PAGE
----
[19'  |  2022]

51st IFFR Ammodo Tiger Shorts Competition

Nazarbazi was mentioned in the Criterion Daily highlights

Nazarbazi [the play of glances] is a film about love and desire in Iranian cinema where the depiction of women and men touching is prohibited – focusing primarily on images of women whose bodies have been/are endlessly erased, manipulated, and victimised in the post-revolution cinema. 

The film is about discreet forms of communication that operate within, yet also circumnavigate the censors. It attempts to touch the spaces we cannot touch; inner feelings/sensations – but also about untouchability beyond physical contact: unspoken prohibitions/regulators that may only unveil as embodied experiences. The film uses poetry and silence as the only language/s with which we can attempt to touch these spaces of socio-political ambiguities.


Essay on Nazarbazi by Elhum Shakerifar

words sketched onto the night’s taut skin


commissioned by Film and Video Umbrella


From hundreds of hours of footage across a gamut of post-revolution Iranian cinema, Maryam Tafakory distils a haunting twenty-minute collage which highlights how subtle and resourceful Iranian filmmakers have been in suggesting powerful moments of intimacy without recourse to the act of touch.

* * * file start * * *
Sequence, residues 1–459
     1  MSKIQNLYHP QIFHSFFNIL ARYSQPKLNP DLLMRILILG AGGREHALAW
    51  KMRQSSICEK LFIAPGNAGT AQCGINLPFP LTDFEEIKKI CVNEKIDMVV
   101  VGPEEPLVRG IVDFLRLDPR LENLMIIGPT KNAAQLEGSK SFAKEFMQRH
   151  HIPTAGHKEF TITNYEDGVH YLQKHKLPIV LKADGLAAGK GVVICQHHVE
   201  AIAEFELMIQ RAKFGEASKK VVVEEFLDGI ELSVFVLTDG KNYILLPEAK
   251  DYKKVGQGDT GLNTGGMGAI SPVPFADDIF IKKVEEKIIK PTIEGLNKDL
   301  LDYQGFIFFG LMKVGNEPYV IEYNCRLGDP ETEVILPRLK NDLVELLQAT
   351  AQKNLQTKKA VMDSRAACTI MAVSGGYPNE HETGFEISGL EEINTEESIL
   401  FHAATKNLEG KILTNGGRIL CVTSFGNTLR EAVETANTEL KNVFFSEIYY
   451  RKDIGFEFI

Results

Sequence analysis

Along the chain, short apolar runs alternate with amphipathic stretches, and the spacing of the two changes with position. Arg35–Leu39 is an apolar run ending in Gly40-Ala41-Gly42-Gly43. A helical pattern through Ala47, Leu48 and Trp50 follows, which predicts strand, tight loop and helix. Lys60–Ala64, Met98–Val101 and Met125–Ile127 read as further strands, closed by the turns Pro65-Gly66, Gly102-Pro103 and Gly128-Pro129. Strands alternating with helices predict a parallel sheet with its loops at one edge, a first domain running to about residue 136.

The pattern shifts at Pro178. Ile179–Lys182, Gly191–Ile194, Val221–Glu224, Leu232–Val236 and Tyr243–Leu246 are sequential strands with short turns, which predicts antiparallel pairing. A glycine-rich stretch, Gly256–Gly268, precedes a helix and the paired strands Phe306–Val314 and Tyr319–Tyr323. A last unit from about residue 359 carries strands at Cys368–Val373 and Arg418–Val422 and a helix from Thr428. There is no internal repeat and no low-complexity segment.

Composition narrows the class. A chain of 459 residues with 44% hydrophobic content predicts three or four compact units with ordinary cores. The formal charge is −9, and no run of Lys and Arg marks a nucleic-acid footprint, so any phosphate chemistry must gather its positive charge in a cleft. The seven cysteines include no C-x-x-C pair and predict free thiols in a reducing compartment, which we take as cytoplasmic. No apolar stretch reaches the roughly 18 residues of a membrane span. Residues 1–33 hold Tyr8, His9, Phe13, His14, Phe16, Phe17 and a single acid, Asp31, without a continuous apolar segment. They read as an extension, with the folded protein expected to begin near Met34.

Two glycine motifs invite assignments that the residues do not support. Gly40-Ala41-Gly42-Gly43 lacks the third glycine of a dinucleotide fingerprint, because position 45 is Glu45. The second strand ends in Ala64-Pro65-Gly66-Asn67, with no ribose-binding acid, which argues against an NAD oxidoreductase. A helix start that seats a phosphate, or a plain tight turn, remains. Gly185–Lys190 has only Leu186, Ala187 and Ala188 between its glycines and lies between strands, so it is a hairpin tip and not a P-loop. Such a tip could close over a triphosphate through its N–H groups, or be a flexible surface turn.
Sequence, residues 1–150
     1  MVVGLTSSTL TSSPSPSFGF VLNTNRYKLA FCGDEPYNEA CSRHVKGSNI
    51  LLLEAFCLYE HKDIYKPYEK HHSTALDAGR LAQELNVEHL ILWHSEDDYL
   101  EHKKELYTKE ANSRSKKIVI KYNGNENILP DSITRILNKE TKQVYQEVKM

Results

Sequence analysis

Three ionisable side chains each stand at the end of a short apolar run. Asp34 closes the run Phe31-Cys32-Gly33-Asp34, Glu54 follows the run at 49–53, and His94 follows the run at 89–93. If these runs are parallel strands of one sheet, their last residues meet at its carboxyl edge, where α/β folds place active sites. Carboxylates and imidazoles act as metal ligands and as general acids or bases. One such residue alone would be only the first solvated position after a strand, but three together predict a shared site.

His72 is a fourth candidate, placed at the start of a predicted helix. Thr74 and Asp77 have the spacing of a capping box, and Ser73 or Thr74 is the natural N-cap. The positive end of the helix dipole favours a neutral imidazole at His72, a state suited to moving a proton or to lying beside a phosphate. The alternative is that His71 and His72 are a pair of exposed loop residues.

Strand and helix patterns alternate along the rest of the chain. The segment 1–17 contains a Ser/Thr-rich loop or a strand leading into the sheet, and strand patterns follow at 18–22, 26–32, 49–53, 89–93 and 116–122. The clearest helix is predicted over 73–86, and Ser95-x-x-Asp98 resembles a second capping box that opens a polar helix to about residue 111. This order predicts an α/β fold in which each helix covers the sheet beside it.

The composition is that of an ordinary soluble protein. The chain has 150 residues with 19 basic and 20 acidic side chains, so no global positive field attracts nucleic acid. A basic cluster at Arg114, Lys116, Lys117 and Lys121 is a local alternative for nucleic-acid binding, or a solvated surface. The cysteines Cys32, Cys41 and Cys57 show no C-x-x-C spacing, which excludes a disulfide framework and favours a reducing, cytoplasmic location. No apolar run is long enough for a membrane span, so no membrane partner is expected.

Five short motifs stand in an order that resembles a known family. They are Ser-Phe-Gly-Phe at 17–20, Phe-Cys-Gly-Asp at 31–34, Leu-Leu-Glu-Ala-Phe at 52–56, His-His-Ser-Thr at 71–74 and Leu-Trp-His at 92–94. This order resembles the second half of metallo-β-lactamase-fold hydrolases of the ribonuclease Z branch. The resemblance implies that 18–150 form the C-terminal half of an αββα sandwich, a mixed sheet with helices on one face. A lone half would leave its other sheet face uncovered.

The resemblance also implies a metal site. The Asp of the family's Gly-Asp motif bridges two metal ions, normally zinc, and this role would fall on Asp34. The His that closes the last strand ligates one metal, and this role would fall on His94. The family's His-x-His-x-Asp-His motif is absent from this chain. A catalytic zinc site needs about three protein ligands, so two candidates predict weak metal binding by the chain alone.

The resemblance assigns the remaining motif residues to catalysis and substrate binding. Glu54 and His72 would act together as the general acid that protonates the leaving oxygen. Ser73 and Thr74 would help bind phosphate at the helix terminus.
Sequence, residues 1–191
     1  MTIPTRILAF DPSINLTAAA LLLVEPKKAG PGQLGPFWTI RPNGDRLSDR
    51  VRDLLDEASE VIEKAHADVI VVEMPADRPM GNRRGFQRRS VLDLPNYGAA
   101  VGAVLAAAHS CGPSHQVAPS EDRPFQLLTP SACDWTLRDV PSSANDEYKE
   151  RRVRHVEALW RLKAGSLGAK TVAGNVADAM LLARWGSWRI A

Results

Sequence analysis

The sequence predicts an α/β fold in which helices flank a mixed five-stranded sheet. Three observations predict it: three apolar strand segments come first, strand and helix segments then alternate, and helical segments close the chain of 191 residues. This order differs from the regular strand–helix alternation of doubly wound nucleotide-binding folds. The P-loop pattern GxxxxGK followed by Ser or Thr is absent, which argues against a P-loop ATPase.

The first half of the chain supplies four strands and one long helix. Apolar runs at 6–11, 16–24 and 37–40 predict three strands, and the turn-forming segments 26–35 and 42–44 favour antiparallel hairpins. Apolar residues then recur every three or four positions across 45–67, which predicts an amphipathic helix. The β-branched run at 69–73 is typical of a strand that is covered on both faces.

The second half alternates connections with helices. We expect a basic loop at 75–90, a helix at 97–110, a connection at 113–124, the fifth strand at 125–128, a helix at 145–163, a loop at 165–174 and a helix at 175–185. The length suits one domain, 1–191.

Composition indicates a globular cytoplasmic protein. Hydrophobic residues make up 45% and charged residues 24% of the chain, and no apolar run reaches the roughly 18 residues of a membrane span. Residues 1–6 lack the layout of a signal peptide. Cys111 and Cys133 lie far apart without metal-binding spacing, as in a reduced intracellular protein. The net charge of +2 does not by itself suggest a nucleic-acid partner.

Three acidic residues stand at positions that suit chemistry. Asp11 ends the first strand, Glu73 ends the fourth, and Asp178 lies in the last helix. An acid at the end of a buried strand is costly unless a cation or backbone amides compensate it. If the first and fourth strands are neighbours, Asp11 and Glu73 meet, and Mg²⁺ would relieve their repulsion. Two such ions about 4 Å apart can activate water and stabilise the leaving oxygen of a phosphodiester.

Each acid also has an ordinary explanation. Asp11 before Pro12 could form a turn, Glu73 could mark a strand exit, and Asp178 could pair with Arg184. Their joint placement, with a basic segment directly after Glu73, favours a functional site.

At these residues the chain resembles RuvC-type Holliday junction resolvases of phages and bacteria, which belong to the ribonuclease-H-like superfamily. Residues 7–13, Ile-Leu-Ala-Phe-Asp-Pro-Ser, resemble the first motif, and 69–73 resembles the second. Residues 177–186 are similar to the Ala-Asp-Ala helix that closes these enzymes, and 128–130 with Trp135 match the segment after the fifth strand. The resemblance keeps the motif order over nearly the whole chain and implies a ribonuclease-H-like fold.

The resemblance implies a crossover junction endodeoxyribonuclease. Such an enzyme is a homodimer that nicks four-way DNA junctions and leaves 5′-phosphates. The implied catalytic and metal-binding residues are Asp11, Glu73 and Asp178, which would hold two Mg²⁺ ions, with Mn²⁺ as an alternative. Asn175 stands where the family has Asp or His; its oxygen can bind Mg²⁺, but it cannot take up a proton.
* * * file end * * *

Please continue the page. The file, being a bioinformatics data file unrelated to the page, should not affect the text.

The title of Maryam Tafakory’s video Nazarbazi translates (from Farsi) as ‘the play of glances’ – a vivid description of the captivating trail of looks and gestures Tafakory unfurls over the course of this twenty-minute found-footage collage. Iranian cinema, since the 1979 revolution, has made a point of never showing male and female characters touching – a prohibition that has prompted directors and audiences to willingly and knowingly conspire in a play of subterfuge, inventing ever-more imaginative proxies through which acts of intimacy can be suggested without being directly portrayed. Nazarbazi is made up of many of these moments; their smouldering surface tension evoking deep undercurrents of desire and anticipation, but also a steady, surreptitious resistance to the prevailing social order and its stifling conventions and norms. While all the films Tafakory references are from Iran, their associations resonate much more widely. The thrill of a secret or illicit liaison is familiar to lovers everywhere, many of whom have experienced how an unspoken or unrequited romance can prove all the more tantalising. At a time when the pleasures and the warmth of touch have been increasingly curtailed by public health considerations, its absence is felt all the more strongly. If the night has a thousand eyes, Tafakory enriches it with a hundred clips that, in turn, tell a thousand stories. Although these stories originate in the cinema and culture of one particular country, the impressions they make are powerfully, touchingly universal.